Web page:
Defensive Strategies: Doug McDermott, Creighton
This series will provide strategies on how defenses can best guard, or attempt to guard, some of the most dangerous offensive players and actions. Today’s post will try to show how collegiate defenses can slow down the offense of Doug McDermott from Creighton.
Doug McDermott returns for his senior season as the top returning scorer in collegiate basketball after averaging 23.1 points per game on 57% shooting from 2’s and 49% from 3’s. He is able to score in a variety of ways although he is first and foremost, a deadly accurate shooter. What can defenses do to try to stop him this year on the offensive end?
Although McDermott is mainly known for his shooting, he is more often seen on the block for the Bluejays, where was he one of the best post players last season (as well as his sophomore season). If defenses let him work 1 on 1, they are going to be grabbing the ball out of the net more often than not.
Therefore, defenses need to send two defenders at McDermott and take away post moves as an option while turning him into a distributor. McDermott has decent vision and passing ability for a player of his size, so defenses need to be organized to pull this off or McDermott will be able to shred the defenses with easy passes to wide open teammates.
Here, Mason Plumlee rotates over to help on the post move, which leaves his man open for a dump off pass. Duke needs to rotate properly, which they do, as the opposite corner defender rotates down which leaves the only open pass a cross court skip pass. McDermott has no viable options and turns the ball over.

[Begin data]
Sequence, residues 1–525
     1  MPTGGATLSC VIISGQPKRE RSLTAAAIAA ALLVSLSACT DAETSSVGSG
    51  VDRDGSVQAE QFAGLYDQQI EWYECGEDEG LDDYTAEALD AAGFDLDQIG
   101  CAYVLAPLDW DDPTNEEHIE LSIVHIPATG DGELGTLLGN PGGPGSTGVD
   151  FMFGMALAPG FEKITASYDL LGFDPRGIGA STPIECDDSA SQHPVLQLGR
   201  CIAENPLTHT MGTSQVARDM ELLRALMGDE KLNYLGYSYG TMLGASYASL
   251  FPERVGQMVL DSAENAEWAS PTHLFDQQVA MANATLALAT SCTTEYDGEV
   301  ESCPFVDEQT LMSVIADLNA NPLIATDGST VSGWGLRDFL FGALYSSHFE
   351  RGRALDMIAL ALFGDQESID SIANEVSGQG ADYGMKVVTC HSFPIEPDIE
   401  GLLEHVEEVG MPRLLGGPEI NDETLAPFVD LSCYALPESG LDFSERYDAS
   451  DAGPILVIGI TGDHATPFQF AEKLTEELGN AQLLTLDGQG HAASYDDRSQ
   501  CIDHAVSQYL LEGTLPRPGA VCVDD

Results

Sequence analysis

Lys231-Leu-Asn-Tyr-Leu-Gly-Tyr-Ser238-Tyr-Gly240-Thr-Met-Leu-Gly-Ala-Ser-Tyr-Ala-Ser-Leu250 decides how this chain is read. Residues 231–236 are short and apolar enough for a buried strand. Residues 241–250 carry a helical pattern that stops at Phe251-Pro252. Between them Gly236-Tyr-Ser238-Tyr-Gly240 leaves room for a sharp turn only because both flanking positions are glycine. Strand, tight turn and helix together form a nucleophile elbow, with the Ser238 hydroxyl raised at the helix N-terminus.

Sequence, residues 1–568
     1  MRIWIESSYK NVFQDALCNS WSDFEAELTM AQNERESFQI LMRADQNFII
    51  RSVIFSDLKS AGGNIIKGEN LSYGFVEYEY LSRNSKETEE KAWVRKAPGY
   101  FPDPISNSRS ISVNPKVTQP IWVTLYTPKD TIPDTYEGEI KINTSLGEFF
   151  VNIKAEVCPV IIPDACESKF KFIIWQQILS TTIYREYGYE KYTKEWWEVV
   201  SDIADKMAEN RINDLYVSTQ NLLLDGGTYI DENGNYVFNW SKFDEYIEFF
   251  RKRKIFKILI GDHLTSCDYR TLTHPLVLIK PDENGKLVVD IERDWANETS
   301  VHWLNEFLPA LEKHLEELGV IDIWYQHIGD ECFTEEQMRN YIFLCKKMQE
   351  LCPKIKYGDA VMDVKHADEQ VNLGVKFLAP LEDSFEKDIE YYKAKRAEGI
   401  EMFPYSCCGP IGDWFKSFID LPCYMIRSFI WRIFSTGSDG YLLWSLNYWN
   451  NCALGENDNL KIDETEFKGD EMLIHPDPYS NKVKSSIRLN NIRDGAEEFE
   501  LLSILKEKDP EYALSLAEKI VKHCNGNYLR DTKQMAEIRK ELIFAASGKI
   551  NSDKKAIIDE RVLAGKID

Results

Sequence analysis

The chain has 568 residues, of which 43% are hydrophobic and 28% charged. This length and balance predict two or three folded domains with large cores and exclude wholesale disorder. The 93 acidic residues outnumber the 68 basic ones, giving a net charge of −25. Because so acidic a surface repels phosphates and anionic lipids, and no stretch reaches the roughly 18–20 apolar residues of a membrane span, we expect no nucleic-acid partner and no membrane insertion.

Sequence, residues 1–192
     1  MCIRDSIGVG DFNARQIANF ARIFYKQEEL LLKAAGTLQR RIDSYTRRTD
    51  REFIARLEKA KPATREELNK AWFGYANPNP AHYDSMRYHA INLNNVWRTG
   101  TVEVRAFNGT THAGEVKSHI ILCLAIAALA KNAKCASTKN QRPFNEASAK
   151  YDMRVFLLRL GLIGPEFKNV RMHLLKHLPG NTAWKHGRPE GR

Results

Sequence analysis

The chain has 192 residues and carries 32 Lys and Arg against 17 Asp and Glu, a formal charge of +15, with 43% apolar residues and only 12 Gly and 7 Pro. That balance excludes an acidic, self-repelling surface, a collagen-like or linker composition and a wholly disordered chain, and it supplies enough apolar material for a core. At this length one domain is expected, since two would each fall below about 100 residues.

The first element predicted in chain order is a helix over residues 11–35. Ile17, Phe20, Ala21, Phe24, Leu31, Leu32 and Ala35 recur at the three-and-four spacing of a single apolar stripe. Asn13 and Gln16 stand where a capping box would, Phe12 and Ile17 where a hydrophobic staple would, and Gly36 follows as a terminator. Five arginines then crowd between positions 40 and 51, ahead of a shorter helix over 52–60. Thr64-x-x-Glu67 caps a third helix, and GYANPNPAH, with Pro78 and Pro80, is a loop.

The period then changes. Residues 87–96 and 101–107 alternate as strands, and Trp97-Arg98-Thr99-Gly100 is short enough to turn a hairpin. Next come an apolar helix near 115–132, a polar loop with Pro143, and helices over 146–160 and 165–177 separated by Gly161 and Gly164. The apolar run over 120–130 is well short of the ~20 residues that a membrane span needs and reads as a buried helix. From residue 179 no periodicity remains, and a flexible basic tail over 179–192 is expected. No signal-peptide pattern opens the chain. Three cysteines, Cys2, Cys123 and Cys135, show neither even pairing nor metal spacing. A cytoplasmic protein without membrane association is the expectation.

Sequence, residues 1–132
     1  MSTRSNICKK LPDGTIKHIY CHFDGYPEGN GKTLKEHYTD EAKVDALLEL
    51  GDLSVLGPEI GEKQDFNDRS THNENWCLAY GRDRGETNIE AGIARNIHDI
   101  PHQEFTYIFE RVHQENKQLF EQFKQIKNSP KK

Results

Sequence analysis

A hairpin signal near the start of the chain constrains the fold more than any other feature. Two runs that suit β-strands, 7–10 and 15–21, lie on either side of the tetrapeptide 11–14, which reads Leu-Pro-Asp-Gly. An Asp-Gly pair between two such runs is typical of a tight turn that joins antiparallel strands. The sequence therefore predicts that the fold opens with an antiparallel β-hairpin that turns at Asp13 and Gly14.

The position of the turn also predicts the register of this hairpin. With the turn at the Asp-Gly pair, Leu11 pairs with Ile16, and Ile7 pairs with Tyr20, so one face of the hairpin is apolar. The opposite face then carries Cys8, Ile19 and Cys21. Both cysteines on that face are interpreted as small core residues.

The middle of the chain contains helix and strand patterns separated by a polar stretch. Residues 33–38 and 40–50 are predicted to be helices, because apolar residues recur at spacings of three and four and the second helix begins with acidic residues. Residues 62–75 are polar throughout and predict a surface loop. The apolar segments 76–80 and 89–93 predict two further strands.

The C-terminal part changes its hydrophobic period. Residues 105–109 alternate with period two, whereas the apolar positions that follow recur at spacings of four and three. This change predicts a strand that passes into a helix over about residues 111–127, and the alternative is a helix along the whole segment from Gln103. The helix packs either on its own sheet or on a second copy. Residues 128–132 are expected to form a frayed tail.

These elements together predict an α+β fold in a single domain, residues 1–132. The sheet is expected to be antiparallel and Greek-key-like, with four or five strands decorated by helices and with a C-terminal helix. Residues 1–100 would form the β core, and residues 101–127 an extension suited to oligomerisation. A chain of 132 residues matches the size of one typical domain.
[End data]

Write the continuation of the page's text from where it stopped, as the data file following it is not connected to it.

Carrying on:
Without the double team, McDermott will be free to operate in the post, where his footwork is outstanding against collegiate defenders. If defenses try to double and don’t rotate properly, they will be exposed to open three point shots. Although Creighton was the #1 team in terms of 3 point field goal percentage last season at 41%, defenses would probably be happy with an outside shot from Grant Gibbs or Ethan Wragge rather than a McDermott attempt near the rim.
Make him dribble
As a perimeter player, McDermott is at his best when he is able to catch and shoot, either from a spot-up situation or coming off a screen. Defenses can mitigate his effectiveness by forcing him to put the ball on the floor after he catches, where he struggles to create his own offense off the dribble.
Look at how tight Duke played him on many possessions in their NCAA tournament win, clinging to him even before he made the catch and sticking to him after he caught the ball. Defenses should work to crowd McDermott, so he can’t catch and shoot but has to try to create.
This probably means that defenses should trail him off screens and stick as close as possible when he runs off screens. Off the dribble, they can shade him toward the baseline or the help defense, because he doesn’t seem to much better creating with his right hand versus his left.
It will be difficult for many defenses to find a player who can fulfill both of these strategies. The big man who is going to succeed against him in the post is going to be too slow to stick to him on the perimeter and force him into putting the ball on the floor. This is why McDermott will once again be in the race for leading scorer and why defenses can only hope to slow him down and not try to stop him completely.